What Did Joel Osteen’s Church Do During Hurricane Harvey?

In late August 2017, Osteen was criticized on social media after it was said that his church turned away people seeking shelter from Hurricane Harvey, a devastating storm that  𝑘𝑖𝑙𝑙𝑒𝑑 89 people, caused $126.3 billion in damage, and displaced more than 30,000 people.

Pastor Joel Osteen speaks out after Harvey: ‘The city didn’t ask us to become a shelter.

After a Facebook post by the church saying that it was “inaccessible due to severe flooding,” the church soon after announced plans to act as a collection site for Houston-area shelters. “We know the need is great. That much is clear,” a church statement said. “We do not yet know all the ways we can help.” It later announced that it was receiving people and distributing supplies to the needy.

Joel Osteen, a Houston preacher, denied that his megachurch turned away Hurricane Harvey refugees and addressed a barrage of criticism by claiming that municipal officials didn’t ask him to utilize it as a shelter at first.

“(The city) didn’t need us as shelter then,” Osteen said. “If we needed to be a shelter, we certainly would’ve been a shelter right when they first asked.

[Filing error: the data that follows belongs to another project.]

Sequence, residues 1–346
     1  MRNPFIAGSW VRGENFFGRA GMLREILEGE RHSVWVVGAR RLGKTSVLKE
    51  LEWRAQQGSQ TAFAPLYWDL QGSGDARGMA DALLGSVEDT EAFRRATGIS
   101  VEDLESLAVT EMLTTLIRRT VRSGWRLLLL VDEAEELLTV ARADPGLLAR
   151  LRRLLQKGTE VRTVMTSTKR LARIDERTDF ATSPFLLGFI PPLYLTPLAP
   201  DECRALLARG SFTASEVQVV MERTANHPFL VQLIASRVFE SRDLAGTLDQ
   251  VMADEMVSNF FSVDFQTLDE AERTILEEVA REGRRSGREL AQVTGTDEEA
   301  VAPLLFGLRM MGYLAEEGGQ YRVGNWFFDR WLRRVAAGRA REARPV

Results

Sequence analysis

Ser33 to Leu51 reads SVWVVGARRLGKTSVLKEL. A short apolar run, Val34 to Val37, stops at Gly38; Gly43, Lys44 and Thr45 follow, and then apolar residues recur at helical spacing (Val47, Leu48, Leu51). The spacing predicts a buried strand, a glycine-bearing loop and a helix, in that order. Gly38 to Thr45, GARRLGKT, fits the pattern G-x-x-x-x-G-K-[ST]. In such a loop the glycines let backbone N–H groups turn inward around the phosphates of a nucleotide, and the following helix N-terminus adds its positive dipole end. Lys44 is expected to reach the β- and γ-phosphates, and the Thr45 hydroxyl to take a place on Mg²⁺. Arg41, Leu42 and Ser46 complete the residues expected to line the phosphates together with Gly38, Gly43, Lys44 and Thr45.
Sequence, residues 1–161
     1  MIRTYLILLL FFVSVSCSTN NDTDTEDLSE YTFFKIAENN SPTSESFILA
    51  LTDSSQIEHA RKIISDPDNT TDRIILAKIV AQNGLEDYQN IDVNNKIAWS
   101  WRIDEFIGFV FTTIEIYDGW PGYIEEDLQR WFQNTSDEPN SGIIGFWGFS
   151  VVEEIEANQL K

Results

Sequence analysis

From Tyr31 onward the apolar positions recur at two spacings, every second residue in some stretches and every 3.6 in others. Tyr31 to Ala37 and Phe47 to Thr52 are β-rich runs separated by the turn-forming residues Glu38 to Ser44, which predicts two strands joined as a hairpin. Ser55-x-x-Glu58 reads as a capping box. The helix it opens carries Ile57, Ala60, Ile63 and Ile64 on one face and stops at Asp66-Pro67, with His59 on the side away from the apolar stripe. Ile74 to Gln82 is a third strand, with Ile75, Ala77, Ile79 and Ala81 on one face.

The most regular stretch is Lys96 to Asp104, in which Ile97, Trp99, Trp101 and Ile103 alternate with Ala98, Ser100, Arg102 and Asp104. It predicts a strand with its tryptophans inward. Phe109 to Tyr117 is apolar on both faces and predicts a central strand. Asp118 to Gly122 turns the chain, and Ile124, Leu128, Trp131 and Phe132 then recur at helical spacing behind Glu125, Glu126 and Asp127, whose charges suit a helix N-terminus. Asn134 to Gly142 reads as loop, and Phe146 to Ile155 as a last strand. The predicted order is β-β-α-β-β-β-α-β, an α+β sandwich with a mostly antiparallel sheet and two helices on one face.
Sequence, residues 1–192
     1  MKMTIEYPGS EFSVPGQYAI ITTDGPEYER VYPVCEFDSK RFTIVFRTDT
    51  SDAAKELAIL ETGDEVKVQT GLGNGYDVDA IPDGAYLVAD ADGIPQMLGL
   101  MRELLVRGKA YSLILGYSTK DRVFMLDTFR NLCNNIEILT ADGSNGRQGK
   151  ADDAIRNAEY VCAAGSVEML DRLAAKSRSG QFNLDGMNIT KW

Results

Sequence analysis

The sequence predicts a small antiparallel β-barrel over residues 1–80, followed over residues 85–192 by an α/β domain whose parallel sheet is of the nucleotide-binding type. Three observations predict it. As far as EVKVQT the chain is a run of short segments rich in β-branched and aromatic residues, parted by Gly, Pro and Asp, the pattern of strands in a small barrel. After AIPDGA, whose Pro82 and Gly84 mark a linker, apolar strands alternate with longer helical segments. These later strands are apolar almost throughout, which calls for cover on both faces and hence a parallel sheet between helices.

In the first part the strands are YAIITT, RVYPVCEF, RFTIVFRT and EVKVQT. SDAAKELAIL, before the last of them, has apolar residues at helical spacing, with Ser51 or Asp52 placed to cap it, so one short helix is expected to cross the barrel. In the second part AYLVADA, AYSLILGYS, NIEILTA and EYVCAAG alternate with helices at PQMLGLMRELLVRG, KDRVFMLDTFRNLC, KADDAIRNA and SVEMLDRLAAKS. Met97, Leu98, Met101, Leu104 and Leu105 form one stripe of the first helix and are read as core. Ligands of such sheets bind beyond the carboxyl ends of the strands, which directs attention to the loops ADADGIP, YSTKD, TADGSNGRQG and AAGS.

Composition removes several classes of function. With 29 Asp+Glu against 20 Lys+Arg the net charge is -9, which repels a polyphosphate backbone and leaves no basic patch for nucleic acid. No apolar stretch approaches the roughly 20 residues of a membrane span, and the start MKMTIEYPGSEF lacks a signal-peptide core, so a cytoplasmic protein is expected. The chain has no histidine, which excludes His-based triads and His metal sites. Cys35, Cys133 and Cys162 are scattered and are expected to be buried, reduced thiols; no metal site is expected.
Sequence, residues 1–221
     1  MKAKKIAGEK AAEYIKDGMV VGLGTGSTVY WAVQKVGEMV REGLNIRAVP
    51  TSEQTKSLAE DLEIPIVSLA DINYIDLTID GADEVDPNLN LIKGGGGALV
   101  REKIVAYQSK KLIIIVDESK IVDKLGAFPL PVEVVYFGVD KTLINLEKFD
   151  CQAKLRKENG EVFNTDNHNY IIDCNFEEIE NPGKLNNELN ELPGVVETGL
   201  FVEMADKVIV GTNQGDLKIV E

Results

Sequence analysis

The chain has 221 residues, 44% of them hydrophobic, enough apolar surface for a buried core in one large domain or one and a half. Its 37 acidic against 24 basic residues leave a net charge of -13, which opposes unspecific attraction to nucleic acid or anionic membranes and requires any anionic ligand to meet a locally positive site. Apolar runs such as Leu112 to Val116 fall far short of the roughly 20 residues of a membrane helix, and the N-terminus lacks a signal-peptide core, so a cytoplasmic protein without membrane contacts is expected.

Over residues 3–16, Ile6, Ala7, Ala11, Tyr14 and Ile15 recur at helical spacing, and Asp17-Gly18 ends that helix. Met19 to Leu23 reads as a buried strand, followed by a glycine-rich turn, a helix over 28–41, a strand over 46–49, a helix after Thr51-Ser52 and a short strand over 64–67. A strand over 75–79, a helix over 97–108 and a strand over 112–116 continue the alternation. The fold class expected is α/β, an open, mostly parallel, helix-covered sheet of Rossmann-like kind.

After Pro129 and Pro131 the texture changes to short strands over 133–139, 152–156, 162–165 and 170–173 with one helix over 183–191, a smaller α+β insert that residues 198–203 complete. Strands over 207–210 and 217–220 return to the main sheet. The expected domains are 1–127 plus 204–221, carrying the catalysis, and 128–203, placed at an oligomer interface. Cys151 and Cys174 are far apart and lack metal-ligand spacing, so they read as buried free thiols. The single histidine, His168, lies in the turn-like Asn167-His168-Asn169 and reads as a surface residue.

“Once they filled up, they never dreamed that we’d have this many displaced people, (and) they asked us to become a shelter. I think this notion that somehow we would turn people away or we weren’t here for the city is about as false as can be.”

“The fact is that I don’t know that we would’ve opened any sooner because again there were safety issues,” Osteen revealed. “I think some somehow social media can be very powerful and they can create this false narrative.

“It’s easy to say, ‘There’s that big building, and they’re not using it,’ but we don’t have volunteers and we don’t have staff that could get here.’ If they would’ve asked us to be a shelter early on, we would’ve prepared for it all.”

“The main thing is social media doesn’t run our lives,” he said. “We run our ministry, we do what we’re called to do. Everybody that’s making a difference is going to have critics.

“Imagine if we had hosted a large number of evacuees and the facility had flooded. That would not have been a nice tale.”

“We hosted 3,000 people in Lakewood after Tropical Storm Allison in 2001, so we’re all about assisting people,” Osteen stated. “We’ll be here supporting these individuals in five years, so we’re happy with who we are and what we’re doing.”

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